Saturday, March 10, 2007
In Brazil, a country not recently known for heavily attended public protests, there was outrage over the Bush visit:
"If you truly want social justice in the world, order the immediate withdrawal of the troops from Iraq," Chavez scolded Bush, scoffing at the president's recently declared commitment to reverse inequality in Latin America. "Use that gigantic [military] budget for investments in food and health."
The charismatic, media-savvy Chavez seized upon the presence of Bush, who is widely unpopular in South America, as an opportunity not to be missed. Chavez's self-proclaimed status as a target of "the empire" has won him many admirers in the resurgent left, and Bush's "anti-Chavez" tour, as some here have called it, provided fresh rhetorical ammunition.
Even the New York Times could not deny the depth of popular protest against Bush in Brazil:
Some arrived clutching banners telling "Mr Butcher" to go home. Others brought effigies of "The Warlord" dangling miserably from a hangman's noose. A handful dressed up as the grim reaper, while some women paraded through the streets with stickers of George Bush and Adolf Hitler placed tastefully over their nipples.
Fabio Silva had other ideas. He stuffed a sock into his mouth and left it there for three hours. "It means that the Brazilian authorities have tried to censor us - to pretend to Bushy that we don't exist," said the 21-year-old student, using the president's nickname in these parts after briefly removing his gag. "It means that we are remembering the silent victims of Iraq. And it means that the censorship will not shut me up."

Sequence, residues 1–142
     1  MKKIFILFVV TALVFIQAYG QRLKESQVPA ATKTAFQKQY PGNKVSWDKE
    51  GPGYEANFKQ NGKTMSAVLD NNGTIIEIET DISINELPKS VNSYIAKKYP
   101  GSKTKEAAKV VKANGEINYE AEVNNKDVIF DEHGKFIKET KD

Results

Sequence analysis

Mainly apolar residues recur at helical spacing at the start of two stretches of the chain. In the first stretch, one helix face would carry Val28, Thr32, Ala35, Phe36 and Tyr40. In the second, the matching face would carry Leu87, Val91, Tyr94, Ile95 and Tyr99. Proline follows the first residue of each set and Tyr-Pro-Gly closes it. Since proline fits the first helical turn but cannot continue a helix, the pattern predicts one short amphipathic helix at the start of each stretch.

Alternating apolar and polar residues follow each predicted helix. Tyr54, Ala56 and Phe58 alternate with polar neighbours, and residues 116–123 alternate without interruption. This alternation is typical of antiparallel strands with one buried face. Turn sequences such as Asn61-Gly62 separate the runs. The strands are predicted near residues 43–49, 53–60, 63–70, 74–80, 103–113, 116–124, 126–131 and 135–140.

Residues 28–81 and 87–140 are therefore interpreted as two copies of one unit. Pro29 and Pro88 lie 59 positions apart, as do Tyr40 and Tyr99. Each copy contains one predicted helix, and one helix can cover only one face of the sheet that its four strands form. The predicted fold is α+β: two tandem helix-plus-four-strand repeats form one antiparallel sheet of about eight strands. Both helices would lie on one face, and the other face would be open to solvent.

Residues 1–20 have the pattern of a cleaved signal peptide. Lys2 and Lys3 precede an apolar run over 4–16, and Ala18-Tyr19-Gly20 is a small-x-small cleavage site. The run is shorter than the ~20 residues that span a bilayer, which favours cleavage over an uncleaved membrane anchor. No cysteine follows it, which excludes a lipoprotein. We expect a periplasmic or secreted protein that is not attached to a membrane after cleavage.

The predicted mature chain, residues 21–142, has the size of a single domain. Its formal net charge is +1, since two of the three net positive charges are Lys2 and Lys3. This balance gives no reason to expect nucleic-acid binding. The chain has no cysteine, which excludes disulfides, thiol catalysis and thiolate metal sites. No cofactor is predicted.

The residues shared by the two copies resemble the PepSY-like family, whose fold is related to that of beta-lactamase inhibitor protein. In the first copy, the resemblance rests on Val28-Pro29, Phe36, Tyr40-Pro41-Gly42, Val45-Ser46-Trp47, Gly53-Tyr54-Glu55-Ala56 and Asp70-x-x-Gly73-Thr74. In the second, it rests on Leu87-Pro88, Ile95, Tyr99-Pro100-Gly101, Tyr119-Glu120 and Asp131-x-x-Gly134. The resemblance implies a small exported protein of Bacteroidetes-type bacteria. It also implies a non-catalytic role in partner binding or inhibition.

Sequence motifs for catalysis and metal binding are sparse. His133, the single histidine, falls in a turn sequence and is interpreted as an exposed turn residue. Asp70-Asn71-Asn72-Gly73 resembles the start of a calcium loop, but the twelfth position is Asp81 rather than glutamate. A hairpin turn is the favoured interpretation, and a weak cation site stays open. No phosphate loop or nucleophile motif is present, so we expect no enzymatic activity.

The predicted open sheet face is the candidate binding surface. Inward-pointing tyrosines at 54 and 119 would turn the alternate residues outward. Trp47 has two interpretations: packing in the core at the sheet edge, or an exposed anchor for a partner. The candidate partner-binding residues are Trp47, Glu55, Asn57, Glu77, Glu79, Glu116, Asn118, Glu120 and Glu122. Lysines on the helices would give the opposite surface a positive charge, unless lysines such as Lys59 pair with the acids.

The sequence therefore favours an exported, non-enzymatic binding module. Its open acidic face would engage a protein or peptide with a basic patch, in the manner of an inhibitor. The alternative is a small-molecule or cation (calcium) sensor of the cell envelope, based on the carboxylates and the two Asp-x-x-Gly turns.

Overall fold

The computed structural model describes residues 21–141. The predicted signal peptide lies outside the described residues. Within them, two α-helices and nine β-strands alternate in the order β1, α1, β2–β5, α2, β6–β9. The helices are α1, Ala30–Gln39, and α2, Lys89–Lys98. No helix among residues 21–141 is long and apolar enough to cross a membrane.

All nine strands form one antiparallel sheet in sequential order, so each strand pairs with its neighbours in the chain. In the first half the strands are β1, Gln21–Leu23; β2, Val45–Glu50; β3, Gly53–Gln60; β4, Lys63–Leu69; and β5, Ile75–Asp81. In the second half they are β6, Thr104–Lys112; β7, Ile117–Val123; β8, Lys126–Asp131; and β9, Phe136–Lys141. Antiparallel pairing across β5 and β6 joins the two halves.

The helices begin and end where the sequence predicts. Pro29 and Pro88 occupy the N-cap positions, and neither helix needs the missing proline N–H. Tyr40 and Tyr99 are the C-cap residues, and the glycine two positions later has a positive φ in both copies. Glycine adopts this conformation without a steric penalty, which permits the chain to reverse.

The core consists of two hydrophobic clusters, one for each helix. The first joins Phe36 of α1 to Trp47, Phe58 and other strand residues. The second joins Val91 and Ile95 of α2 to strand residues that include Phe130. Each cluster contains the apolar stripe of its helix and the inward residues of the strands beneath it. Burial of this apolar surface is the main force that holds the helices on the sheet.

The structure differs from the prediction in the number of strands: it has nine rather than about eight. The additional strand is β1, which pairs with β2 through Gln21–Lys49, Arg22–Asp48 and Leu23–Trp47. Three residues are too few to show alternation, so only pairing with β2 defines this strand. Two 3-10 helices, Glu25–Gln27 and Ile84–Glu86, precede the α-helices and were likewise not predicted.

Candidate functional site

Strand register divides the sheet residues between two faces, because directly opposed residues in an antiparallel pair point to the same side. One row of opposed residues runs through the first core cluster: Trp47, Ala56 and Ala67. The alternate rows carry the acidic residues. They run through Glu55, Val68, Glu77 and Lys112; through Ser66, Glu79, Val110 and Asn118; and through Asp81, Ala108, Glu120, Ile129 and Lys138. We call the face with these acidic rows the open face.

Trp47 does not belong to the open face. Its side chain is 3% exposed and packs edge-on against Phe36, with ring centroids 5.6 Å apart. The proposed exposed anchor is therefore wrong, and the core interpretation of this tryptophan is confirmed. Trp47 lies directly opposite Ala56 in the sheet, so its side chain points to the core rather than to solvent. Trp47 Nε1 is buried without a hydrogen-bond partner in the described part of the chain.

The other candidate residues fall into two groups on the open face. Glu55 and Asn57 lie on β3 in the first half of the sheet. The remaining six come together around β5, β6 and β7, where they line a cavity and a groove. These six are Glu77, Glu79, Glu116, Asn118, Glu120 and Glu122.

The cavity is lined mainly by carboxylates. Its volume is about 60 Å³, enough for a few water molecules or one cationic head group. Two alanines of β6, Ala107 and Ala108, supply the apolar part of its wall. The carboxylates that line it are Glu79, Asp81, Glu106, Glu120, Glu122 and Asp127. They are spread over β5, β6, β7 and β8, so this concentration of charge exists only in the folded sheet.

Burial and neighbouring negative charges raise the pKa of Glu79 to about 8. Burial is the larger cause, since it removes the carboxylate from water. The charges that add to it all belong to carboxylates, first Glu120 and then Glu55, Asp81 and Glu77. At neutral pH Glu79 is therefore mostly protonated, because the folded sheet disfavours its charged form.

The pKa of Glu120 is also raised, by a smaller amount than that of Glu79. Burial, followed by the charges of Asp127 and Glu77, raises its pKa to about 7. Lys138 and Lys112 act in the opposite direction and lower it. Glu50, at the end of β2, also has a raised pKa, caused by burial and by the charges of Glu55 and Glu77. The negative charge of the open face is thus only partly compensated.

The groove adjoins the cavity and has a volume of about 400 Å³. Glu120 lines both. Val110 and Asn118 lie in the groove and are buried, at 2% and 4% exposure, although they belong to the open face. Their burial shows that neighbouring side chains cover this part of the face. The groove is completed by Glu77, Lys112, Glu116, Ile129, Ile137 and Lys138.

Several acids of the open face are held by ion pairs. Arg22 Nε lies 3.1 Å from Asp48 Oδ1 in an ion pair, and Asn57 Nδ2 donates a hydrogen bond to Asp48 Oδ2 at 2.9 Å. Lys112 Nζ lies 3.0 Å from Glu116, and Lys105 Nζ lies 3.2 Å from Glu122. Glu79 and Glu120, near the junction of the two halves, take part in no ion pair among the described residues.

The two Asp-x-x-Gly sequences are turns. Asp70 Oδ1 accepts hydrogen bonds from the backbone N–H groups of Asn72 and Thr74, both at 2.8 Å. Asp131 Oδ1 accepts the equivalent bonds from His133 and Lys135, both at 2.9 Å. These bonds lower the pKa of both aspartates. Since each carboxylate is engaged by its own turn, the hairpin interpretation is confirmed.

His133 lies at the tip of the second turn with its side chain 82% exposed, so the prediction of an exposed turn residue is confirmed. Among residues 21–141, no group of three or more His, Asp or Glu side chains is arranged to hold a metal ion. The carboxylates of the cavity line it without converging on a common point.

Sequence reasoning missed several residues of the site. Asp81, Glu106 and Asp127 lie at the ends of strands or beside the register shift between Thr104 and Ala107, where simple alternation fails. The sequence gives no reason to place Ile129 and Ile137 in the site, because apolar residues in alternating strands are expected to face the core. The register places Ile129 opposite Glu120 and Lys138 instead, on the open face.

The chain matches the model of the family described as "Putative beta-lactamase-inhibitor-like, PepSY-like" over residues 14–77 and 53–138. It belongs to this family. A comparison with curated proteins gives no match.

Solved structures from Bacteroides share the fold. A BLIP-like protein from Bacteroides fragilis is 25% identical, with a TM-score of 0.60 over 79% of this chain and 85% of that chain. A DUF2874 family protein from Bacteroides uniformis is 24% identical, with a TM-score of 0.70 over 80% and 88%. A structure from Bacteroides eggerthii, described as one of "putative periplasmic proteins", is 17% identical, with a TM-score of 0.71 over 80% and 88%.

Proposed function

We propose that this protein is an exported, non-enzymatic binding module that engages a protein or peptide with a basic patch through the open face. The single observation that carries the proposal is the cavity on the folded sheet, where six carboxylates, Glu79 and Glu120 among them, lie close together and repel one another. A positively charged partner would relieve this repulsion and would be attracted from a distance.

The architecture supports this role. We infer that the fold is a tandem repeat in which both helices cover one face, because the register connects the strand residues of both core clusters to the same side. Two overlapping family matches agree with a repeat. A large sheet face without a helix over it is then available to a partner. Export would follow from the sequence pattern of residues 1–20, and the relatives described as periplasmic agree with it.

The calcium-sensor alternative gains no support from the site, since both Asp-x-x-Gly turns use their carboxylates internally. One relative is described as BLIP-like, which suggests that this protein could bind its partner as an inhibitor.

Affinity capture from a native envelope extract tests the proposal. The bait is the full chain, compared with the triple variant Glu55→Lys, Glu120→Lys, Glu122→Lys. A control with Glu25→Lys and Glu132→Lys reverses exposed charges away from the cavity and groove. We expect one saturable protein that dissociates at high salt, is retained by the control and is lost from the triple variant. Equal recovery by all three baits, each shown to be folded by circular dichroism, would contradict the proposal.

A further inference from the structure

If President Bush needed a reminder of his growing unpopularity in Latin America, it was here in Sao Paulo in the shape of a 10,000-strong human wave marching noisily through the financial district.
There was none of the famed Brazilian hospitality. Even before Mr Bush arrived in Brazil on Thursday to begin a six-day tour of Latin America the protesters were out en masse. "Persona non grata" read one placard. "Get out you Nazi" said another. In case the message still hadn't hit home, there was one other taunt - this time in English: "Bush, kill yourself."
The police have clashed with thousands of protesters, many carrying signs calling Mr. Bush a murderer and a fascist. A group of Mayan priests in Guatemala said Friday that they would “purify” a sacred site of “bad spirits” after Mr. Bush visits it early next week.